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This week’s ten biggest climate innovation stories — 9 November


In the future, will we be eating edible goo grown in our kitchens? What’s a ‘plantscraper’ and how can it help the global food crisis? And, what can we learn from spider webs and succulents about water collection?

This, and more, in the week’s ten biggest climate innovation stories.


Colorful People’s Pavilion in Eindhoven is made from 100 per cent borrowed materials

Bureau SLA and Overtreders W built the People’s Pavilion—a centerpiece of the Dutch Design Week (DDW) taking place in Eindhoven—using materials from suppliers and Eindhoven residents. The only exception is the faceted upper façade, which is made of plastic household waste materials collected by Eindhoven residents.

Read more on Inhabitat.


In the future, you could eat this edible goo you grow in your kitchen

Along with other researchers at VTT Technical Research Centre of Finland, researcher Lauri Reuter is developing a prototype of a countertop vessel that could eventually grow edible plant cells in someone’s kitchen. To Reuter, it’s an example of the type of system that’s important to develop as traditional agriculture is increasingly strained by climate change.

Read more on Fast Company.


Plantagon’s crowdfunded ‘plantscraper’ aims to produce 500 metric tonnes of food a year

Swedish company Plantagon believes that ‘plantscrapers’ are the way of the future—and part of the solution to the global food crisis. Part urban farm, part skyscraper, these vertical greenhouses could provide large-scale organic food production in cities, with a much smaller energy and carbon footprint than industrial agriculture.

Read more on Inhabitat.


Michael Bloomberg’s ‘war on coal’ goes global with €43m fund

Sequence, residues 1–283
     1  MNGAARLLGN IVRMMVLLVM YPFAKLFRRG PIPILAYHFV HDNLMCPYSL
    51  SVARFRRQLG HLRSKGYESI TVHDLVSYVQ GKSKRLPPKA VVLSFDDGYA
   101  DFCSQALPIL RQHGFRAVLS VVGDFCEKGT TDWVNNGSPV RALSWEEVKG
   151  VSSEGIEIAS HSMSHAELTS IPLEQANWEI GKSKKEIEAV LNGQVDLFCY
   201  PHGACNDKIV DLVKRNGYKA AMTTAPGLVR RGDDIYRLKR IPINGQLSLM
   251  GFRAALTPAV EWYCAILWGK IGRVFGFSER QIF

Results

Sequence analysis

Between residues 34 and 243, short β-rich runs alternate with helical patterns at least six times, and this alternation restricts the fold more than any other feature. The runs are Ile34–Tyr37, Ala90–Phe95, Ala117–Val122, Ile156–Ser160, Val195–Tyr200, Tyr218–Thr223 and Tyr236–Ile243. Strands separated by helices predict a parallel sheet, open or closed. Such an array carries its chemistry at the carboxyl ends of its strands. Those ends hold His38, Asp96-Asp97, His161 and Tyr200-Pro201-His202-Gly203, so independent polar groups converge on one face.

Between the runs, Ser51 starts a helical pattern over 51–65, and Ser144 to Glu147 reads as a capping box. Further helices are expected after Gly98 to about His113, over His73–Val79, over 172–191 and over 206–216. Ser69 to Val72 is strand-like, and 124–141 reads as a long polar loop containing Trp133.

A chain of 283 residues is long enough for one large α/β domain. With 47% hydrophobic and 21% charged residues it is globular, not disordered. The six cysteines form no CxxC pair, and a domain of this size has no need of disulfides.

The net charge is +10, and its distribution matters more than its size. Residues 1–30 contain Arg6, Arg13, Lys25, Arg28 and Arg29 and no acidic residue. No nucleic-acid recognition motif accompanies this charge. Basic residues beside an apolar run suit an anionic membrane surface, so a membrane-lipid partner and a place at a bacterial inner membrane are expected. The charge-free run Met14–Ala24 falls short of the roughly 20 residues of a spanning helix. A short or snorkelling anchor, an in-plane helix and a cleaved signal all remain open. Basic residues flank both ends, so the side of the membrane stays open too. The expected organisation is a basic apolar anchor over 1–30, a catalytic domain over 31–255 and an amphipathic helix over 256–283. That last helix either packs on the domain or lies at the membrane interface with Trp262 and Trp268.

Billionaire’s campaign has seen half of US coal plants close in six years. Now he is targeting Europe and beyond to fight climate change and air pollution.

Read more on The Guardian.


EU plans credits, fines to boost low-emission car production

The European Union proposed tougher car emissions targets on Wednesday including a credit system for carmakers to encourage the rollout of electric vehicles and fines for exceeding carbon dioxide limits.

Read more on Reuters.


Spider webs and succulents inspire this water-collection startup

AquaWeb mimics the way that natural systems capture, store and distribute water—not just rainwater, but ambient moisture such as fog. The invention’s parent company, NexLoop, believes that the approach initially will be useful in helping container farms or indoor vertical farms to become more self-sufficient.


Artist turns recyclable cardboard into strikingly lifelike human sculptures

UK sculptor, James Lake, has been working with cardboard for 20 years, manipulating the medium into human sculptures and other objects full of expression and detail. “I wanted a medium that can be used to sculpt beyond traditional material and without the need of an arts studio, says Lake. “The end result was the fine crafting of an inexpensive common place and recyclable material.”

Read more on Inhabitat.


Market for digitalisation in energy sector to grow to €55bn by 2025

New energy innovations will be centered on digital technologies and the strategic use of data, according to new research published today. A shift is coming in the energy industry from a focus on hardware to the increased importance of software in order to make systems more efficient, resilient, and digital.

Read more on Bloomberg New Energy Finance.


The electric Vespa scooter of your dreams is coming in 2018

Vespa’s first electric scooter will hit the market next year, and it will have a range of about 62 miles. The good news was announced at the Milan Motorcycle Show by parent company Piaggio.

Read more on Inhabitat.


Bio-solar wallpaper made with cyanobacteria can be printed with an inkjet

When printed in a precise pattern onto carbon nanotubes on paper, these photosynthetic bacteria can produce electricity from sunlight, which could power biodegradable environmental and medical sensors.

Read more on Tree Hugger.

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